Diesel, rain tyres, and safety cars The six leaders on Michelin tyres The official start to the 75th edition of the 24 Hours of Le Mans was given at 15h00 this afternoon. The 54 cars started off...
Diesel, rain tyres, and safety cars
The six leaders on Michelin tyres
The official start to the 75th edition of the 24 Hours of Le Mans was given at 15h00 this afternoon. The 54 cars started off on slicks despite the overcast conditions. It was Audi Michelin # 2 driven by Frank Biela who was leading the race after the first lap after a small error committed by Sebastien Bourdais with his Peugeot Michelin # 8.
A half an hour into the race the three Audi Michelins where running in the top three positions. Then the pit lane ballet commenced have been initiated by Audi who where quickly followed by their tricolour adversaries.
Both the second and third hours were respectively reduced by 15 minutes due to the intervention at two separate occasions of the safety cars. They were brought onto the circuit due to a car stopped at the Ford corner, and then by the violent accident of Audi #3, their young driver's car.
During these numerous slow laps the cars frequently stopped in their stands to put on rain tyres due to the rain showers which were now making regular appearances.
In GT2, the Aston 007 and 009 were leading their category in front of the Corvette #63. The #64 had already retired due to a ruptured transmission. At 18h00, four cars had already officially retired.
Matthieu Bonardel Michelin 4 Wheels Competition Director
"It was a very animated start to the race. During the first hour and a half the teams remained on slicks. Certain teams had chosen soft tyres, but later switched to medium which is in fact a hard tyre.
With the Prototypes, we had planned on a two stints strategy but due to the showers and changes in the tyres it did not allow us to complete even a half a relay. It was obvious that the level of adherence was not great in the early stages of the race. With all the rain fall we experienced yesterday the track is quite `green' and we found ourselves in conditions of over steer like in qualifying on Wednesday night. Although the circuit is slippery, our tyres have done what was required of them, and did not suffer any particular degradation. The pace became more regular when the rains started again. We are at the maximum alert at our tyres facilities with these non stop changes. "
The importance of multiple-stinting at Le Mans
At Le Mans, tyre changes are relatively costly time-wise and teams tend to prefer to cover more than one stint with the same set of tyres. Durability or more accurately 'durable constant performance' is consequently one of the keys to Michelin's lasting success at Le Mans where its tyres have gone unbeaten since 1998.
The regulations specify that just four mechanics may work on the cars in the pit-lane at any one time, and the number of nut-guns is also restricted to just two. Meanwhile, tyres may only be changed once refuelling has been completed.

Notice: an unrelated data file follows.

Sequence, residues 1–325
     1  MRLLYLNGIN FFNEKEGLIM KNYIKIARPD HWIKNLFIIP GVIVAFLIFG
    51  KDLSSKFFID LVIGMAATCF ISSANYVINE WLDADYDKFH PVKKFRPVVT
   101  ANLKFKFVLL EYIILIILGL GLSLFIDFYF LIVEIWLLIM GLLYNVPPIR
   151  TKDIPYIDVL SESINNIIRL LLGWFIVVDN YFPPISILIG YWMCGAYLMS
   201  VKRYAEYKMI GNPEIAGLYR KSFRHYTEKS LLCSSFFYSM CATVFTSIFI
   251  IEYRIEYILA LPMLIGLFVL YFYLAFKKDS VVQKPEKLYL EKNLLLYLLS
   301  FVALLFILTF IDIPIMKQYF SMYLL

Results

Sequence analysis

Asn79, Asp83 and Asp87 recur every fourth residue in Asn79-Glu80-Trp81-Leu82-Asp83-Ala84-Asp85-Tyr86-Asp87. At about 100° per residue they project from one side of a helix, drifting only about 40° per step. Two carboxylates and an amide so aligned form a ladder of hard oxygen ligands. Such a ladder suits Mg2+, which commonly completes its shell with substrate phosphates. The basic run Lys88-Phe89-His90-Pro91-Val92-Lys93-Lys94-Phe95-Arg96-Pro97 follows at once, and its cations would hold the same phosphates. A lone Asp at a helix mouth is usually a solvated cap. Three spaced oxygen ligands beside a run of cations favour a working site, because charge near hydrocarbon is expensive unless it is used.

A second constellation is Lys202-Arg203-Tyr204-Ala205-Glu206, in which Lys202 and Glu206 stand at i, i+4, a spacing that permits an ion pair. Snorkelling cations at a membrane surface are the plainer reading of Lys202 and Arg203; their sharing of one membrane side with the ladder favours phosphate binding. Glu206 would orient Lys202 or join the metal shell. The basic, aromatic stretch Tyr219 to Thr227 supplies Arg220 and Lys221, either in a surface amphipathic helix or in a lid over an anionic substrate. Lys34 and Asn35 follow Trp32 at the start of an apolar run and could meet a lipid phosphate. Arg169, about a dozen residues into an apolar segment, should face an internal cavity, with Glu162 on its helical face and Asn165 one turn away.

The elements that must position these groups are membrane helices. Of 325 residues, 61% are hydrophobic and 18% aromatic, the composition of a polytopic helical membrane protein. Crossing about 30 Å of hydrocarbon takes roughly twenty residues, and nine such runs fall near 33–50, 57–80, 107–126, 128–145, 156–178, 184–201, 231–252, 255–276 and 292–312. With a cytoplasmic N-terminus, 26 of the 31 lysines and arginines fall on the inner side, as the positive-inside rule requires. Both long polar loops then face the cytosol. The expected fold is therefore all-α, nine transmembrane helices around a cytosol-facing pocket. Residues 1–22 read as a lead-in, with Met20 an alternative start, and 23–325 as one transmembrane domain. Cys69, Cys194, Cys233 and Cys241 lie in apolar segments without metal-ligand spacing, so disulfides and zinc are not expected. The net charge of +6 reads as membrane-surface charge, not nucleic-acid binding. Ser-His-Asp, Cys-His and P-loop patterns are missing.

As a result, tyre changes are particularly costly time-wise, so the objective is to cover as many stints as possible on the same set of tyres without compromising either safety or performance.
A decisive advantage beyond 1,000km
In the opinion of Matthieu Bonardel, Michelin Competitions manager of 4-wheel activities, Michelin tyres offer a decisive advantage when the total race distance exceeds 1,000km: "A 1,000km race represents four or five stints, that is to say twice the number of opportunities not to change tyres and therefore a potential time saving of two times 12 seconds. In an event that lasts more than three hours, it is practically impossible to imagine a prototype with serious hopes of victory not having the capacity to cover more than one stint at a time."
That said, just as car and tyre performance has progressed over the years, so has the efficiency of the pit crews. Although there is little that can be done to save time when refuelling the cars (the rate of flow of fuel into the tank is set by the regulations), the mechanics have become increasingly proficient over the years when it comes to changing tyres.
As recently as five years ago, this job used to take between 20 and 25 seconds. Today, the time required by many teams has been slashed by half, and 12 seconds is currently more the norm. As a result, the time that can theoretically be saved by covering more than one stint with the same tyres has come down too.
Indeed, switching to a more competitive tyre that only gives its best during a single stint may now be preferable if the gain achieved by staying on the same tyres is less than 6 seconds per stint, which works out at approximately 2/10ths of a second per lap.
In the case of the prototypes, the tactic is still likely to pay. The decision is more borderline for the GT1 runners, however, because the gain represented by switching to a softer compound works out at between 2 and 3 tenths per lap. In GT2, it is the drivers themselves who tend not to want to double stint with the same tyres since their cars carry higher fuel loads.